Page 45 Review by Stephen
"AS SEEN ON TV!" as hastily repackaged collections are so quick to squeal.
But hey, the middle-aged bloke who served me at Sainsbury's had seen the series, taken note that it was based on a comic, and he knew who'd written it. Never read a comic before in his adult life. That's pretty cool, so however shall I sell it to you...?
Profanity, hot bullets and blue Brony action!
Many sarcastic thanks to whichever of my sympathisers on Twitter explained the term 'Brony' to me before the launch of MY LITTLE PONY comics, following a flock of five adult fellows in a single swoop pre-ordering the MY LITTLE PONY #1 COMPLETE BOXED SET at £18-99 each. I cannot unlearn what I now know to be true, so I may never fully recover. What I learned was this:
There has been a surge of what could loosely be called man-love for that saccharine pink pony, and those enjoying such a wayward cultural misalignment are called Bronies. Now, I'm hardly the butchest boy in the box and obviously Page 45 is an all-inclusive, non-judgemental love-in for all manner of diverse penchants and pleasures
but there are fucking limits.
By which I mean: "That'll be £18-99, please. Thank you very much! You are so loved!"
And honestly, you are.
I'm just being cheap and I deserve all / any flack that I get.
But how could this possibly be of any relevance to a Grant Morrison and Darick Robertson comic?
Well, Happy here is a feathered blue pony with big, bulbous, bright shiny eyes, a purple unicorn horn and accentuated, goofy front teeth. Knowing Grant Morrison you may seriously doubt this, but potentially he's the product of a delirious imagination as ex-Detective Nick Sax is sped across town in an ambulance after receiving several gunshot wounds in part-exchange for having murdered the four Fratelli brothers. They thought they were on a mission to axe our Sax, but it was no-nonsense Nick who hired them in the first place. The police are swift to the scene but that's good news for no one except the Fratellis' Uncle Stefano who's determined to keep it all in the family - "it" being the Fratelli fortune. Unfortunately no one bothered to tell him the password and the only person still alive who knows that now is Nick.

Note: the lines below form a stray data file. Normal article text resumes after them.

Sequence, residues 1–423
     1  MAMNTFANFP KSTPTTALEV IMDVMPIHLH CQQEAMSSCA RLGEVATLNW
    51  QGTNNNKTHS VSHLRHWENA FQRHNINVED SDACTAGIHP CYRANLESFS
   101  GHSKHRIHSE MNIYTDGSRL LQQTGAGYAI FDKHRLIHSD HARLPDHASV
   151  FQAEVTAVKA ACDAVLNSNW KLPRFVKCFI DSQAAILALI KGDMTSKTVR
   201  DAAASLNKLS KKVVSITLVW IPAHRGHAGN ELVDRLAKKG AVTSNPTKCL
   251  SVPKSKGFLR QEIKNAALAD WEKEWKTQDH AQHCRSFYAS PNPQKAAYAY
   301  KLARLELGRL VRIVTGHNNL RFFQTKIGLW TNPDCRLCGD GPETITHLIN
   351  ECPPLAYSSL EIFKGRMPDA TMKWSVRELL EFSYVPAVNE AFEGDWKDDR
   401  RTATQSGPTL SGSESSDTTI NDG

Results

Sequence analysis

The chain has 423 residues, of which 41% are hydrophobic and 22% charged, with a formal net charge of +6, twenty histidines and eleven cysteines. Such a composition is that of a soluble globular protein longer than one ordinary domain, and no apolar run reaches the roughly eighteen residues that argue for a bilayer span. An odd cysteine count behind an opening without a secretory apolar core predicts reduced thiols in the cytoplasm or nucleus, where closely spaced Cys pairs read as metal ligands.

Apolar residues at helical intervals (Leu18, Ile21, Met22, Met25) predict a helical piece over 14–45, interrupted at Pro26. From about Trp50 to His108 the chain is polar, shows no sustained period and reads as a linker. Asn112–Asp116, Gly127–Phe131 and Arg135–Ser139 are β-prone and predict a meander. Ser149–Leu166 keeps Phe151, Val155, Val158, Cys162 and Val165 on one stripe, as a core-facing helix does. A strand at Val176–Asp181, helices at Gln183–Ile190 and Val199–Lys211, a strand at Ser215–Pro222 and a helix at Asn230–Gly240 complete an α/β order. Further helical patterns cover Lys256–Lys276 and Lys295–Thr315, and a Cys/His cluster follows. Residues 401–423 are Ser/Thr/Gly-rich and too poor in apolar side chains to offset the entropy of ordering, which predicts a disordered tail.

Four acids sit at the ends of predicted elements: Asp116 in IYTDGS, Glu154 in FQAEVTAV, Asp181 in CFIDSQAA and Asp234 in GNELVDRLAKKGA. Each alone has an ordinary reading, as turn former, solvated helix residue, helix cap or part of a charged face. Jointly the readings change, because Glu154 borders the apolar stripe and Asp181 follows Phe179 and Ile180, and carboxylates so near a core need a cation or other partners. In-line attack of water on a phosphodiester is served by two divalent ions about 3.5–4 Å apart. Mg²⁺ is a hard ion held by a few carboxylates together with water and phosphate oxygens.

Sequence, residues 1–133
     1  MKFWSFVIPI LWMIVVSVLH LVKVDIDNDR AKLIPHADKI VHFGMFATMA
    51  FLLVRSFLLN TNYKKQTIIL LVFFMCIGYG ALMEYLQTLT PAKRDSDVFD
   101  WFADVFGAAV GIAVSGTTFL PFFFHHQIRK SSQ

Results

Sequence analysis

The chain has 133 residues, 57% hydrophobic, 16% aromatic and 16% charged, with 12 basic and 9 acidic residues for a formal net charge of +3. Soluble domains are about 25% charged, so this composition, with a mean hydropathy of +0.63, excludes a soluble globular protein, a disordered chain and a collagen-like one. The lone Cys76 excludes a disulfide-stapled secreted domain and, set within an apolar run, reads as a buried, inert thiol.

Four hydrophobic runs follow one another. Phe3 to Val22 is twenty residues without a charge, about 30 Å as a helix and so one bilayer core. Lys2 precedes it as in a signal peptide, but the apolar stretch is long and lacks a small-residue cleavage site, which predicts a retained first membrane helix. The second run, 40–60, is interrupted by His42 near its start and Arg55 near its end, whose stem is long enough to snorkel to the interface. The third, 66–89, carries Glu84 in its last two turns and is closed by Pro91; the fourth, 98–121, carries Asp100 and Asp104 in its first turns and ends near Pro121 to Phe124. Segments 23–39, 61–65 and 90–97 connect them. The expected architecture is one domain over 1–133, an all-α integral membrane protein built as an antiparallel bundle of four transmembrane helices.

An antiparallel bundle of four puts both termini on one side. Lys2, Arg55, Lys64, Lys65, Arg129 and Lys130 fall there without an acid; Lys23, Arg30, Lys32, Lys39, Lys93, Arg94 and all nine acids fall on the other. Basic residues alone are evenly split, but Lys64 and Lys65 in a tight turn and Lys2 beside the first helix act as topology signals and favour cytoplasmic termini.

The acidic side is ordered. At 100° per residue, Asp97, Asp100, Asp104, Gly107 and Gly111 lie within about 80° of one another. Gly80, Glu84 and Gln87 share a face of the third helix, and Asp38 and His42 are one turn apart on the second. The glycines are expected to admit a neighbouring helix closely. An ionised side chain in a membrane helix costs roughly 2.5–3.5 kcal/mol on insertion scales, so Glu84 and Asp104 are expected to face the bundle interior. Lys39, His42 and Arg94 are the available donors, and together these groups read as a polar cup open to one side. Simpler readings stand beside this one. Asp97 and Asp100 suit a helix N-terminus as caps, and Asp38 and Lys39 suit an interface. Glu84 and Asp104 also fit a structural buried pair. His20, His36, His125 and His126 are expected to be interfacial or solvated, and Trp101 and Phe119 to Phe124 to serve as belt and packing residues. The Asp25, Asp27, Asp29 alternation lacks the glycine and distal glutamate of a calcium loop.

Corruption is the order of the day on the snowy streets of God Only Knows and torture/interrogation will follow, all kindly overseen and endorsed by New Jersey's Finest in the form of Maireadh McCarthy who's firmly in Uncle Stefano's pockets. Time to send in arch-information extractor Mr. Smoothie:
"I feel like the ghost of a hard-on that will not die."
Along the way we meet a drunken paedophile dressed up as Santa (you'll meet him again - and, after Nick knows where, you'll know when), while Sax quite casually and coincidentally dispatches a serial murderer in a prawn costume smoking a spliff from a back end of a hammer which was five seconds away from coming down on the head of a prostitute blowing him to blissful oblivion. Did I mention it's Christmas?
From the writer of WE3, NAMELESS, JOE THE BARBARIAN, THE INVISIBLES and DOOM PATROL etc. comes something akin to THE FILTH only without the giant, flying spermatozoa. Profanity abounds and he's set out to sully the holiday season whilst lobbing in the incongruity of bright-eyed chirpy-pants Happy The Horse who claims to be Hailey's imaginary friend sent to Sax to rescue her from the plastered paedo.
TRANSMETROPOLITAN's Darick Robertson is on his best form ever with masterfully slick choreography, the sturdiest of figure work and eye-popping street scenes all beautifully lit and then coloured to perfection by Richard P. Clark.